Ivano Casella (centre), Jason Collins (right), and Paul Koenig (left)

Mark Stariha Treasurer of Slovenian Australian Chamber of Commerce and Jana Grilc, First Secretary Embassy of the Republic of Slovenia in Canberra Last Thursday Jana and I attended the EABC Trade Clinic for EU Economic and Commercial Counsellors + European Chambers representatives at NSW Parliament house.

Jana full day.

An interesting day with much talk about the approaches to Free Trade Agreements and there scope and requirements.

My comments regarding the afternoon session are below.

Would SACC committee authorise emailing this report to all SACC members?

EABC Trade Clinic for EU Economic and Commercial Counsellors + European Chambers representatives at NSW Parliament house

Ivano Casella, Counsellor, EU Delegation gave 2 lengthy presentations regarding EU Trade Communication and EU FTA policy in 2015 and WTO requirements.  In short, the EABC is very keen for a FTA, and it is obviously a big focus point for them.  They see the FTA as opening the Australian market for European countries to not only export goods more easily, but also services to Australia.

The most interesting discussion though was from Paul Koenig from the European Australian Advisory Group.  He raised quite a few issues, the main ones being

  1. The ridiculous situation were Australia has its own design rules that make life very difficult for other countries to export to Australia.  Ie, using a car as an example, if cars made in Germany are good enough for all of Europe, then why does Australia need to have outdated design rules that were in part designed to help protect out motor vehicle industry?
  2. The issue of qualifications of overseas trained people not being recognised.  This means that if a company wins a tender for a project here, they cannot easily bring workers in to undertake the work, and they need to employ additional local staff with accepted qualifications.  This is also an issue for immigrants who are highly qualified, yet cannot work in their field due to their qualifications not being recognised.
  3. Double Taxation affects investment decisions both in Australia and all the European countries who do not have an agreement. It stymies the two way flow of money for business and investment. There is a clear danger that any progress of Double Taxation agreements might be left to be part of a future FTA which would be 4 or more years away.  Paul thought having a unified framework for a double taxation resolution that EU countries could follow with Australia would speed the process for all countries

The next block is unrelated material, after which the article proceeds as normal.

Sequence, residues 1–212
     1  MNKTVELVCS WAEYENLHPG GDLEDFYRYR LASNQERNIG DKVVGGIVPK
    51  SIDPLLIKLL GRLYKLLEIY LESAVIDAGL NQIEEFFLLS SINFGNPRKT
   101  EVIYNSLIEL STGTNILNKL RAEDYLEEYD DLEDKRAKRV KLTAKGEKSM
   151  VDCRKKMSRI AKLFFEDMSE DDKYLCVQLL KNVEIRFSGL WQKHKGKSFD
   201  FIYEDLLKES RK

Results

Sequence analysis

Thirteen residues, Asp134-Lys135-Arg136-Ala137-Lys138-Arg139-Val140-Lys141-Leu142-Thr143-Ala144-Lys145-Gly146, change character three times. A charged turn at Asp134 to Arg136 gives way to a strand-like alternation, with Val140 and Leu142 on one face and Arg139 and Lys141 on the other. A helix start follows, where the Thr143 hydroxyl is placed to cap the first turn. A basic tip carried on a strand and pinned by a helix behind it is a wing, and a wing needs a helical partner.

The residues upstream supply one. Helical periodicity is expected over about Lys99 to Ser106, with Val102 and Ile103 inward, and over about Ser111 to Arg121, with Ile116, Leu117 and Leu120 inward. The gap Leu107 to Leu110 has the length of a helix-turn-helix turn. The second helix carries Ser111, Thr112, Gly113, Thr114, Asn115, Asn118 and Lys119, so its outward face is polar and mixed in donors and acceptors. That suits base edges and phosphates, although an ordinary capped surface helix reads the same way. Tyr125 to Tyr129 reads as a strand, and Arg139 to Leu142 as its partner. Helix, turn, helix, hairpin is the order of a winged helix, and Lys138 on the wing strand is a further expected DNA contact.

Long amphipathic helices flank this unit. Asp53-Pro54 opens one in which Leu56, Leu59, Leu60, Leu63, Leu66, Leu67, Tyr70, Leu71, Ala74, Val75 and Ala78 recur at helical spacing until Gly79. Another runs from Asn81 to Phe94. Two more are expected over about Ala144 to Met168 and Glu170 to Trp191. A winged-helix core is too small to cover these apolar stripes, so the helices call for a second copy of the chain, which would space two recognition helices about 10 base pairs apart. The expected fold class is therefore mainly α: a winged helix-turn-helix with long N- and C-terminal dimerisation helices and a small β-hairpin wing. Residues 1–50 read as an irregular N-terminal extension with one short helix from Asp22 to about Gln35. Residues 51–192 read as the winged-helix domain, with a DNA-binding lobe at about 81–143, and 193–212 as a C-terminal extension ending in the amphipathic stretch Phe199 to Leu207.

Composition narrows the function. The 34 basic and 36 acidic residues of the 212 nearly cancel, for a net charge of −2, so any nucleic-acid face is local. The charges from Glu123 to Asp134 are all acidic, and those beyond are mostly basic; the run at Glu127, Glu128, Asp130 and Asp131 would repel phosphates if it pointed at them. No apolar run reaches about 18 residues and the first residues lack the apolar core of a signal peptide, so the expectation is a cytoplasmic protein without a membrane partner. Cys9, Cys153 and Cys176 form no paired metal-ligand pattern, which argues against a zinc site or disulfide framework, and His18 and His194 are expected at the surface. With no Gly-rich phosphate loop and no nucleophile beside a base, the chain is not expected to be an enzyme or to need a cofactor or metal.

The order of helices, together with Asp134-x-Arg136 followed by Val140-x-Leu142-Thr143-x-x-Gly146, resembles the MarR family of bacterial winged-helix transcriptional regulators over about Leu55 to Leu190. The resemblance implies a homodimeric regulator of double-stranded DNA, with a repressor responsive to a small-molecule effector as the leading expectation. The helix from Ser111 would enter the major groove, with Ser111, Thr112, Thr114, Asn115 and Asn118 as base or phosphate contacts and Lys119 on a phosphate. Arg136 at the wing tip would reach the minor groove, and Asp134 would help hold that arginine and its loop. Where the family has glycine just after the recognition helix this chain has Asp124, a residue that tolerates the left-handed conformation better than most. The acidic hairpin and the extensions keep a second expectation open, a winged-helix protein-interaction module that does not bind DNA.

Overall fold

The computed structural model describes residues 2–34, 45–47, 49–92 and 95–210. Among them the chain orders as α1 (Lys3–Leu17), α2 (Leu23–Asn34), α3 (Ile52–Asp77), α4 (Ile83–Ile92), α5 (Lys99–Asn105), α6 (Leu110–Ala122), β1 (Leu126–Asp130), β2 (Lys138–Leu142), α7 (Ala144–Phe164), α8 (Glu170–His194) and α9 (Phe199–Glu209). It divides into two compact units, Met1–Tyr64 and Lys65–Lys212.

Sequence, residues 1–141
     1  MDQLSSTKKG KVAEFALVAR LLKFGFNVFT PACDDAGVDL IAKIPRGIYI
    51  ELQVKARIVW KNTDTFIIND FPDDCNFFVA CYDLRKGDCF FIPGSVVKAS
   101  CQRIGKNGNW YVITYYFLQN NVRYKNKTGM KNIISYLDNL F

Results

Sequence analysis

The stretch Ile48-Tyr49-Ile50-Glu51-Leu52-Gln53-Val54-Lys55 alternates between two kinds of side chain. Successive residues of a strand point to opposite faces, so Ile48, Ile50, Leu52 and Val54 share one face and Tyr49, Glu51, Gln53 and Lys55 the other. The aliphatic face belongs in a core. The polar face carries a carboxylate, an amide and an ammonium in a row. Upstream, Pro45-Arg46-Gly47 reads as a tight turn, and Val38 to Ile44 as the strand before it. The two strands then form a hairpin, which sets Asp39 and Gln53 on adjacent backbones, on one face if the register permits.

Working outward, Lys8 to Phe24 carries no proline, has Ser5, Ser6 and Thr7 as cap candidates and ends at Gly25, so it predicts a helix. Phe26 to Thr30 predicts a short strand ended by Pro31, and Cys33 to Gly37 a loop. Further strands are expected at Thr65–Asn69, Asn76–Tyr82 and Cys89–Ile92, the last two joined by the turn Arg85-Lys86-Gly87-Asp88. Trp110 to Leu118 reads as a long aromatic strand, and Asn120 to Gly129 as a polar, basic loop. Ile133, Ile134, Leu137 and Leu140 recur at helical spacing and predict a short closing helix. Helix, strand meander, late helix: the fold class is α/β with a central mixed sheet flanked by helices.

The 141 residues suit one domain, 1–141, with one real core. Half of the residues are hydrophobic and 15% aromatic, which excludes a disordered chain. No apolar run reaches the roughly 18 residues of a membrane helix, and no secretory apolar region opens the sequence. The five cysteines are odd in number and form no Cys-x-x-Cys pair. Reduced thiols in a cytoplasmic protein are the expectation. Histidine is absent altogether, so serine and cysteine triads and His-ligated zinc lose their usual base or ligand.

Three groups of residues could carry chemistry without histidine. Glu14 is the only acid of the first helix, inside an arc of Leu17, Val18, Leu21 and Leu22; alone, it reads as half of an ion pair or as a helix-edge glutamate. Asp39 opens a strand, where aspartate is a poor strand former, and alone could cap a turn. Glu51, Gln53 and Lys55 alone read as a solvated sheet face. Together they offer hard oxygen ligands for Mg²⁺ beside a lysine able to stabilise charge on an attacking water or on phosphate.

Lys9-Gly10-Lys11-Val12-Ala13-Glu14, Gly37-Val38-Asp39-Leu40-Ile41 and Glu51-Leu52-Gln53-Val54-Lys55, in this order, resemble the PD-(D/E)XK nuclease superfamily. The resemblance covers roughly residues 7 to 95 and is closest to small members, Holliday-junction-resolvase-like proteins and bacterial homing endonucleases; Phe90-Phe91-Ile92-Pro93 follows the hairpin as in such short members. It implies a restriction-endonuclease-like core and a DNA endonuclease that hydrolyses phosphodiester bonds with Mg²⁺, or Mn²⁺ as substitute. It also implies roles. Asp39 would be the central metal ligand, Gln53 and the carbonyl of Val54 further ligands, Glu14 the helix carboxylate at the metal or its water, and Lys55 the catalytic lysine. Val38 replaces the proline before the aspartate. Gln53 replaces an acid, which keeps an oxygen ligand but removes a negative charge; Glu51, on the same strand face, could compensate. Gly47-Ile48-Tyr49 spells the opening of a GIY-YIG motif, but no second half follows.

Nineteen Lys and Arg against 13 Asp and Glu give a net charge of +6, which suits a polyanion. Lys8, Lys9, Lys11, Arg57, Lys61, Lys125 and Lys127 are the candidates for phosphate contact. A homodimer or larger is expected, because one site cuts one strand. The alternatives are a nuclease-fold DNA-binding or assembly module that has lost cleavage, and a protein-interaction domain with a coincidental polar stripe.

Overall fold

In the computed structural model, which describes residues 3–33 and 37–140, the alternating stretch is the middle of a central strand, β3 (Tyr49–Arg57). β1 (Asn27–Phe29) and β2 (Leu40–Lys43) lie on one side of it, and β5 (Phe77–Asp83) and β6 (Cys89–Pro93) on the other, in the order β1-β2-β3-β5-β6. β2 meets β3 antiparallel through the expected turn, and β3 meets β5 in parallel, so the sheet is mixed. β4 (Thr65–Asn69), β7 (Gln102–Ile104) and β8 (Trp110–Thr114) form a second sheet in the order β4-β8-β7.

4. There is some lack of confidence by investment funds overseas to invest in Australia.  This has largely come about recently were governments have sidelined or stopped an approved project meaning a loss of funds to the investors or at a minimum reduced returns.
  5. Investment Funds in Australia (ie, super funds) have large pockets and are actively looking for large scale overseas projects where they can receive a good return.

Jana and I spoke briefly after the meeting about Double Taxation and thought it worthwhile to investigate a joint approach by all countries Chambers of Commerce backed by the EABC.

This might be a joint submission to our Government signed by all affected Chambers, supported by the EABC, and with a statement by Paul Koenig as to the issues caused by Double Taxation and the importance and advantages of having this resolved.  This might help get it on a more immediate agenda for all our countries, and then assist in developing a unified framework which could be adapted for use by countries

Mark Stariha, Treasurer, Slovenian Australian Chamber of Commerce